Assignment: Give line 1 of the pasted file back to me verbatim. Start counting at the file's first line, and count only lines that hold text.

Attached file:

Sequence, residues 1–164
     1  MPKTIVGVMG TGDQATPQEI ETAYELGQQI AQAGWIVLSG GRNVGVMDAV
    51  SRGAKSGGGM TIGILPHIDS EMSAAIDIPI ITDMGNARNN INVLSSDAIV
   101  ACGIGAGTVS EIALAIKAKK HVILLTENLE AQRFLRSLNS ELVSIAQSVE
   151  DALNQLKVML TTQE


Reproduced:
Sequence, residues 1–164